Critic Martha Schwendener has written about Moyer's paintings:

"Painting is a neurotically self-conscious medium—it's always looking over its shoulder, responding to earlier eras and earlier ideas. Carrie Moyer puts that self-consciousness at the center of her work. But where mash-ups of different periods and styles have become popular with post-postmodern painters (and often end up looking like conceptual train wrecks), her canvases are cool, seamless—almost alchemical."[8]

By juxtaposing the ancient, modern, and contemporary, Moyer rips images out of their old contexts and circulates them in a new one—"cross-wiring," she calls it. Slipping between abstract and representational, the raw canvases are built up with strata of translucent and opaque color, positive and negative shapes, and solids and silhouettes that reference different historical periods: ancient fertility figures with bulging hips; vases with breasts circling their perimeters; murky blobs that recall the paintings of biomorphic Surrealism. These juxtapositions make a commentary on an unsettling subtext here, a suggestion of the way women have served as talismanic muse-objects in past art instead of intelligent innovators.[9]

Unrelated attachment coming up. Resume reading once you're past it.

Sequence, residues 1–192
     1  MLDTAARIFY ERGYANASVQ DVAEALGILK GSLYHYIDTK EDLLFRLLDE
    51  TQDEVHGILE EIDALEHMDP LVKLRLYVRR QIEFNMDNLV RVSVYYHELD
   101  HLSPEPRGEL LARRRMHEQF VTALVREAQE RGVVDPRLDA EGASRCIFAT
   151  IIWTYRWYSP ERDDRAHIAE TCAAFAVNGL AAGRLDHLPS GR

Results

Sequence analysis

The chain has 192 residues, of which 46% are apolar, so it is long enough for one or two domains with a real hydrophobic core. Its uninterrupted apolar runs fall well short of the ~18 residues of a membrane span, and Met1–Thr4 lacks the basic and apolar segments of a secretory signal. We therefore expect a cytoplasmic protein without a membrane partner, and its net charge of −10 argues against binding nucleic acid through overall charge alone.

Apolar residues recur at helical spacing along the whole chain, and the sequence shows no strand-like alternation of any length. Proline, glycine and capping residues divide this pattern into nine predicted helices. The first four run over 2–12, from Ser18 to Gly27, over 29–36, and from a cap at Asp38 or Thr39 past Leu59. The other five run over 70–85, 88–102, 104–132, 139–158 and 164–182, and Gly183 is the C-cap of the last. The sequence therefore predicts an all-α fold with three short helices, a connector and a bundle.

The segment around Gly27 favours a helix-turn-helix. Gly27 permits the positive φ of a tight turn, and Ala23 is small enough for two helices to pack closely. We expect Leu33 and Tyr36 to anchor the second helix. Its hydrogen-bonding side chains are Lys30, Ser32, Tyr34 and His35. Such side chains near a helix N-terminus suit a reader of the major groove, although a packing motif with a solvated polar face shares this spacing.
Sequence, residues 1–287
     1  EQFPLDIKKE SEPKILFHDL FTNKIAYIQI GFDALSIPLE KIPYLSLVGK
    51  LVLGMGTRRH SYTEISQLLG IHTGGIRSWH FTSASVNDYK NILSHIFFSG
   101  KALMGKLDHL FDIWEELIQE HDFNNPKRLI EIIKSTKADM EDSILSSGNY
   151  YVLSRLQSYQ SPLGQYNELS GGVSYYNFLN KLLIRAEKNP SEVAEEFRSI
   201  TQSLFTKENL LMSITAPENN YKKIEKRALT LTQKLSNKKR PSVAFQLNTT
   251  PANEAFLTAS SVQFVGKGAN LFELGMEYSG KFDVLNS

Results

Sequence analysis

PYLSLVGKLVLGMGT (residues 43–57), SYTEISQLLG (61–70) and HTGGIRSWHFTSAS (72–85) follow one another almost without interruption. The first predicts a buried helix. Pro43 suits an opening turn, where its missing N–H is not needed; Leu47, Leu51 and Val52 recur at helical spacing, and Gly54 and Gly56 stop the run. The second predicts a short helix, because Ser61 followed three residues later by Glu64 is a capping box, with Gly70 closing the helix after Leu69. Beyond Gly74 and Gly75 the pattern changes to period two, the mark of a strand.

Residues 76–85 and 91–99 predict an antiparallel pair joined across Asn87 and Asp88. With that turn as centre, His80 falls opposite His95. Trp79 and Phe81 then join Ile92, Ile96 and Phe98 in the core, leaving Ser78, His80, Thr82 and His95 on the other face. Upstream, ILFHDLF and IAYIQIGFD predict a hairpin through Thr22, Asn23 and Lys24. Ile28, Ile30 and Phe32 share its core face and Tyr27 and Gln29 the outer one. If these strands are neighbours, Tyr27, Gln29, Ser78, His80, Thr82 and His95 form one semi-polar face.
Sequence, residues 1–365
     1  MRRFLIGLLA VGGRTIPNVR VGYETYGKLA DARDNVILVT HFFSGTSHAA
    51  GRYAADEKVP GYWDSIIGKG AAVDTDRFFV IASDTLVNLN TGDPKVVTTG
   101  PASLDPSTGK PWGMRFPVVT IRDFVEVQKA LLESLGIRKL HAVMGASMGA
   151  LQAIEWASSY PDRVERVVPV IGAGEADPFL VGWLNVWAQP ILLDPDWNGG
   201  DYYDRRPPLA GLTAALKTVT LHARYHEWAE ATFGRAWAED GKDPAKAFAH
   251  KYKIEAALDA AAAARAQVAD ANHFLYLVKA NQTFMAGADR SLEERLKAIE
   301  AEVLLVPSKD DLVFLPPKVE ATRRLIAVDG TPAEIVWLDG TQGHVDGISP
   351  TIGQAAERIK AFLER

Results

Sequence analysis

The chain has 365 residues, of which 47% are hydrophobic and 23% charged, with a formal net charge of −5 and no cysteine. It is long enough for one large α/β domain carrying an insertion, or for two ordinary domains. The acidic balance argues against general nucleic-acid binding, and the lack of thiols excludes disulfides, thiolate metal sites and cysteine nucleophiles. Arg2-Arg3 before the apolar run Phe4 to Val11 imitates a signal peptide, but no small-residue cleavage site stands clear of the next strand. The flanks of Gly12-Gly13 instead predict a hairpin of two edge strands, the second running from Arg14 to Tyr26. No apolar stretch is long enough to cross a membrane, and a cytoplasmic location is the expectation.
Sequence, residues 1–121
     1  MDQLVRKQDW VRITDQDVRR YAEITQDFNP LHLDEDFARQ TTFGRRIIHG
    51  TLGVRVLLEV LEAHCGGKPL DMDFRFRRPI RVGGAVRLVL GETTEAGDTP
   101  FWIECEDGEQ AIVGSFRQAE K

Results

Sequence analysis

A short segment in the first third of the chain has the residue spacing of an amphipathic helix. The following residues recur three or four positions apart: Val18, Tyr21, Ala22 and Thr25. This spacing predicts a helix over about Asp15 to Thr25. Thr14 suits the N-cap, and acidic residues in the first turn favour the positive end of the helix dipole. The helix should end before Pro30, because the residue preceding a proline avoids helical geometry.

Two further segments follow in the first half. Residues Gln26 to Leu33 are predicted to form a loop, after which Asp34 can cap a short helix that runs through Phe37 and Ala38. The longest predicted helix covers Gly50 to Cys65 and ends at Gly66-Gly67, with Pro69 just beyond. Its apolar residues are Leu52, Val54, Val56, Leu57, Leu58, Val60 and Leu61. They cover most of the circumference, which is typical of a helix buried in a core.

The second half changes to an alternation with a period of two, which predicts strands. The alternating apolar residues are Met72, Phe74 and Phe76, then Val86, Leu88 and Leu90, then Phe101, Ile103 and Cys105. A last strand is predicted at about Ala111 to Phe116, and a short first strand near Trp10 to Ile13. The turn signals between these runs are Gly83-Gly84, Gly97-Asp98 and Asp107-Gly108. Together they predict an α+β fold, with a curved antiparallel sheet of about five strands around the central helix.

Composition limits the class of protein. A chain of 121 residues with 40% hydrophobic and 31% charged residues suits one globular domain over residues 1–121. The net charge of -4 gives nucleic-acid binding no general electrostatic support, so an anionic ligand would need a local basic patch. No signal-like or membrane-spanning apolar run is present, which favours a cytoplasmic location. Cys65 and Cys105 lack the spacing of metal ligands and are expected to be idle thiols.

In October 2019 Carrie Moyer was elected as a full member of the NAD (National Academy of Design[10]). Her most recent shows include a solo exhibition, Carrie Moyer: Interstellar , at the Worcester Art Museum, and Carrie Moyer: Pirate Jenny at the Tang Museum.[11] In 2020, Carrie Moyer and Sheila Pepe were the subject of a two-person exhibition, Carrie Moyer and Sheila Pepe: Tabernacles for Trying Times at the Portland Museum of Art, Maine.

Dyke Action Machine![edit]

Between 1991 and 2008, Moyer was one half of Dyke Action Machine! (DAM!),[12]a public art project that she founded with photographer Sue Schaffner. One of the first queer interventionist public art projects, DAM! dissected mainstream visual culture by inserting lesbian images into commercial contexts. It began as working group of the 90s activist organization, Queer Nation, and evolved into a stand-alone agitprop duo that was active for 17 years. DAM! campaigns usually involved about 5,000 posters wheat pasted over the course of a month, particularly in neighborhoods with high volume and diverse pedestrians.[13] Dyke Action Machine! produced over 15 projects during the course of their collaboration.